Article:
What is the status of Future Gen?

Future Gen I was coal gasification using the conventional technology. The people involved scrapped that and went with Future Gen II, a totally different technology. For Future Gen II, they were going to purify the air, extract the pure oxygen from the air, add it to coal, generate energy, and sequester the carbon dioxide underground in the aquifer. However, all new technologies at the beginning cost more than people think. I know that because I have been working in that space for 30 years.

In terms of Future Gen II, each technology is not new, but the integration of technologies is complex and costs more. From what I understand, they are having difficulties to get the private funding for the project. For an estimated $1.6 billion project, DOE would have given them a grant for $1 billion, but they still would have had to raise the rest of the project money. Unfortunately, US banks are not likely to lend money for a technology that’s not commercial.

Is coal gasification the right technological pathway? Why were there so many coal gasification technologies?

I believe all technologies have advantages and disadvantages. There is no universal cure. Why are there so many coal gasification technologies? Because there are so many different varieties of coal. It is very different from place-to-place and mine-to-mine, so local conditions are different and you need many different kinds of technologies for different projects. When you have a project and define where you are going to build it, you have to understand the local market conditions and which technology will fit that particular situation. That’s what I’ve been doing for 30 to 40 years. You are unlikely to develop a technology that is perfect for every situation.

Where are we at with CCS?

The Global CCS Institute publishes an annual report on CCS around the world and essentially it shows that we are making slow, steady progress in developing, commercializing, and scaling up CCUS. We believe that CCUS is essential in the efforts to combat global climate change. There are basically two ways to capture CO2 – either by pre- or post-combustion. Coal gasification is pre-combustion capture. Post-combustion can capture carbon dioxide from a power plant smoke stack. Once the carbon dioxide is captured and concentrated, the next step is to use it, which gives it a commercial value. For example, the United States has been using natural carbon dioxide in enhanced oil recovery for decades. In China, EOR technology is not well developed and not as widely used as in the United States. We are working to help them more broadly utilize EOR as a supplementary oil production technique.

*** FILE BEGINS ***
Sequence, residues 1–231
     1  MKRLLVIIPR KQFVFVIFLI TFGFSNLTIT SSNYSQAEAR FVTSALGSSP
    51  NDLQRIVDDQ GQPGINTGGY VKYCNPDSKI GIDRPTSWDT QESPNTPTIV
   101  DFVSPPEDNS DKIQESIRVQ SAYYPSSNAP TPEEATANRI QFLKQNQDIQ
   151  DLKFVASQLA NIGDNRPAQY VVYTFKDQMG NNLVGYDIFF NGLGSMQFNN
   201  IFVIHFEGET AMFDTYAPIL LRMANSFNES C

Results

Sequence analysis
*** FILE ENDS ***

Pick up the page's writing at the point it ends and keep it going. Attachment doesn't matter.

Is CCS doomed to be expensive?

To answer this question, we have to make a proper apples-to-apples comparison. The value of CCS or CCUS needs to be compared with other near-zero emission technologies like nuclear, solar, and wind. I would contend that CCUS from coal is competitive in price, and in fact is more cost-advantageous to comparable technologies. If we use an electrical power generation basis, and you use coal to generate electricity without any carbon dioxide controls, adding CCS probably increases the cost by 30 to 40 percent, so it becomes one and half times the cost. Right now, nuclear is in the same ballpark, if not a little bit more. Solar and wind are more and don’t take into account the cost of intermittency. So you need to compare apples-to-apples. Obviously we want to ultimately transition away from coal utilization, but in the developing world, this will take a number of decades.

How would you describe China’s energy innovation?